Chess champion celebrates milestone in style

22 Jan, 2023 - 00:01 0 Views
Chess champion celebrates milestone in style

The Sunday Mail

Sports Reporter

A week ago, Rodwell Makoto found himself on cloud nine, as the 35-year-old chess international master celebrated being crowned the Zimbabwe National Chess Champion. However, for him, there was something extra-special about last week’s tournament victory. “Before I go into my winning speech, I want to share some interesting news,” said Makoto.

“What is exciting about this win is not that I have won the national championships, but, actually, this is my 100th tournament win.”

It is a milestone every sportsperson dreams off, regardless of the sport.

The South Africa-based chess player described the victory as an incredible accomplishment in a career spanning more than two decades.

“Winning my 100th tournament was an incredible accomplishment and a milestone to be proud of,” he said.

“It signifies years of dedication and hard work, as well as the ability to consistently perform at a high level.

“The feeling of achieving such a significant milestone was a mixture of satisfaction, pride and a sense of accomplishment for me.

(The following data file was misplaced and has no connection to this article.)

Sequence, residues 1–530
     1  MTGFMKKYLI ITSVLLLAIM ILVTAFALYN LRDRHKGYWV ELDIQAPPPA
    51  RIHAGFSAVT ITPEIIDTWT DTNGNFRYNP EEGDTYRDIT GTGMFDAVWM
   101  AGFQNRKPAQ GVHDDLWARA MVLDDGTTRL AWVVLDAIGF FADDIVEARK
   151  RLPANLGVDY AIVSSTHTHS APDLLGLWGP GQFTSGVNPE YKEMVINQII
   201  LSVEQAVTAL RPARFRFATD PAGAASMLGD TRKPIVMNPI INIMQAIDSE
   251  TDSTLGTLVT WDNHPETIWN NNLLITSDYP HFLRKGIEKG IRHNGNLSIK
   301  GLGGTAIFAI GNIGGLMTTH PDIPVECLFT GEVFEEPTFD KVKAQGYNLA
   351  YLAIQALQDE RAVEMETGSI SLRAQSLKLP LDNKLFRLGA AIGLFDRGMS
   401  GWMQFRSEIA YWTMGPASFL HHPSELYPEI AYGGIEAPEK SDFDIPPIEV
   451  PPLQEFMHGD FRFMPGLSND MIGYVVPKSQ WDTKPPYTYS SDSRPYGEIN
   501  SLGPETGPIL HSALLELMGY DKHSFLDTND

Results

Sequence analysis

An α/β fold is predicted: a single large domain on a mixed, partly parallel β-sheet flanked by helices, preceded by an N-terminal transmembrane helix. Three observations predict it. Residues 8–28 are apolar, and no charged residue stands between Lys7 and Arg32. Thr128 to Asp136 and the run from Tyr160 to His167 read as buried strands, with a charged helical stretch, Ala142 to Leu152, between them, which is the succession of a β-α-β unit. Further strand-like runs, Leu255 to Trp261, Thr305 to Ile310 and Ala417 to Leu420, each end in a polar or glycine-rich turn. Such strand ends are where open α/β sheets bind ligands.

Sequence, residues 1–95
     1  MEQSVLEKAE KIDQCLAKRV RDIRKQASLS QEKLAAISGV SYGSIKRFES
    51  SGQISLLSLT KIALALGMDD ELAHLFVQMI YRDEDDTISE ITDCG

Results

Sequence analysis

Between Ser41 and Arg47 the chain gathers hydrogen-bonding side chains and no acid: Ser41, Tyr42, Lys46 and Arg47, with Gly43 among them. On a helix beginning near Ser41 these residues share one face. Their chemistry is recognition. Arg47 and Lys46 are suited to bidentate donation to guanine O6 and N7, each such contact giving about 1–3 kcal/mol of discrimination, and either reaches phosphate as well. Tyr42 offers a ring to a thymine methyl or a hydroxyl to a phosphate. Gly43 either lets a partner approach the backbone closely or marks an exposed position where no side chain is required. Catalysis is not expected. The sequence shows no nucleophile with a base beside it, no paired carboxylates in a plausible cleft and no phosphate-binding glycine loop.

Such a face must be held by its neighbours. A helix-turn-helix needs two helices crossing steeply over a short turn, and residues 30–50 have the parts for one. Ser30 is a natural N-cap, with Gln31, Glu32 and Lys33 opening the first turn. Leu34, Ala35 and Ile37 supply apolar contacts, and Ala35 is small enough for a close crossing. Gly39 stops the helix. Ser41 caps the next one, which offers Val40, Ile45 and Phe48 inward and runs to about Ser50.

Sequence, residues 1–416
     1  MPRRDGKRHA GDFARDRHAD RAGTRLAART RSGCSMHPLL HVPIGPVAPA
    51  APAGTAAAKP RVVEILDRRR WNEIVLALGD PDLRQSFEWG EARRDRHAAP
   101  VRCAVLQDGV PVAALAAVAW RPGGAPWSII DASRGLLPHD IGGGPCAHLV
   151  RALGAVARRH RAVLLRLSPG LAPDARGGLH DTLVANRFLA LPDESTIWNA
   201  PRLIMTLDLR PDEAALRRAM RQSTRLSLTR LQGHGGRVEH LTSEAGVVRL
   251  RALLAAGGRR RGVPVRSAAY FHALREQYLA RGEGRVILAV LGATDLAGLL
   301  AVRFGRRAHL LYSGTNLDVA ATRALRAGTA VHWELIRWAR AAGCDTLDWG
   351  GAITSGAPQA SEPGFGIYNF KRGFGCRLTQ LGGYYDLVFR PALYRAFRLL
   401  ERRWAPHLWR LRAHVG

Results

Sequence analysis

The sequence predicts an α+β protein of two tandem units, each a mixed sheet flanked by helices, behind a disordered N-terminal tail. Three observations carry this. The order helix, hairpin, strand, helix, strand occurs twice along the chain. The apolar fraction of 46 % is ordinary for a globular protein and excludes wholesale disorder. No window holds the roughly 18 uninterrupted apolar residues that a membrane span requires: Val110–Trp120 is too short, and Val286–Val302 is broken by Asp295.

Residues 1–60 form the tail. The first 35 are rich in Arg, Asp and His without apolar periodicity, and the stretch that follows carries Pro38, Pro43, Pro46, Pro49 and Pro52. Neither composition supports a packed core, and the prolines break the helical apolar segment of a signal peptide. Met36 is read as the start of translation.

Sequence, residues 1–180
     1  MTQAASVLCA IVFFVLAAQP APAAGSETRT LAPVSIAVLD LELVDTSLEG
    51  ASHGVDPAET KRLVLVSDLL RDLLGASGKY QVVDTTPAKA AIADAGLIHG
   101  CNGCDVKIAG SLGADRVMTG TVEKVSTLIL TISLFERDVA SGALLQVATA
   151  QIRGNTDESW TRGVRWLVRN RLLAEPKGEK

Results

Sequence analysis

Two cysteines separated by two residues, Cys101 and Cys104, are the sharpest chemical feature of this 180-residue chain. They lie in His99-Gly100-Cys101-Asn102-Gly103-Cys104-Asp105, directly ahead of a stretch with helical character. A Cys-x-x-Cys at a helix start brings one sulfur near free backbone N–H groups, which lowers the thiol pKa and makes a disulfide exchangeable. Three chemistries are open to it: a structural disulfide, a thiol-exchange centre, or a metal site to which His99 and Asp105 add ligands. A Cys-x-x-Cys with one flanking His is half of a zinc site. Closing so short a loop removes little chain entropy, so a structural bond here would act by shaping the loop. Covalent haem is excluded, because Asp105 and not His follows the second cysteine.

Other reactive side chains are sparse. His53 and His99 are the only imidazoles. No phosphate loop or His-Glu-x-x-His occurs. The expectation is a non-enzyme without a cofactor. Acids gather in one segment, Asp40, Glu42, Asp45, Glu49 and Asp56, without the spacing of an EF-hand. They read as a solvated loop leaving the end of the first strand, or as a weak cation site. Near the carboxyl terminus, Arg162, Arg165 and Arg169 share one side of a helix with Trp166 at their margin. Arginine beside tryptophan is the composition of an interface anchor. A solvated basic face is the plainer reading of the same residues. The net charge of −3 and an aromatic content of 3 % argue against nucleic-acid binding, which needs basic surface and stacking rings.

“It was a moment to reflect on all the challenges that I overcame and the lessons that I learnt along the way.

“Ultimately, it was an unforgettable moment in my chess career.”

The championships also served as a qualifier for the Chess World Cup.

The dates and venue of the global showcase, however, are yet to be announced by the International Chess Federation.

“Winning the World Cup Qualifier 2023, and having the opportunity to represent my country at the World Cup, are a huge honour and a dream come true for me,” said the chess master.

“The feeling of being crowned national champion is indescribable, and the added excitement of representing my country on the global stage makes it even more special.

“It is going to be the experience of a lifetime for me.”

Makoto represented Zimbabwe at the last edition of the World Cup, which was held in Sochi, Russia, in 2021.

Makoto is now ready to take on the world’s best chess players after learning a lot of lessons over the last two years.

“I learnt a lot from the previous participation at the Chess World Cup by analysing past games and identifying areas for improvement.

“I also gained valuable experience and knowledge of the tournament format and level of competition.”

The self-taught international master praised the Zimbabwe Chess Federation for introducing chess in schools.

“This will help to build a strong foundation for the sport in the country and develop a pipeline of talented players.

“Starting chess education early can help learners develop critical thinking, problem-solving and decision-making skills early and faster.

“These are valuable not only in chess, but also in their academic and professional lives.

“Additionally, focusing on the development of young players can help to ensure a sustainable future for the sport in the country,” he said.

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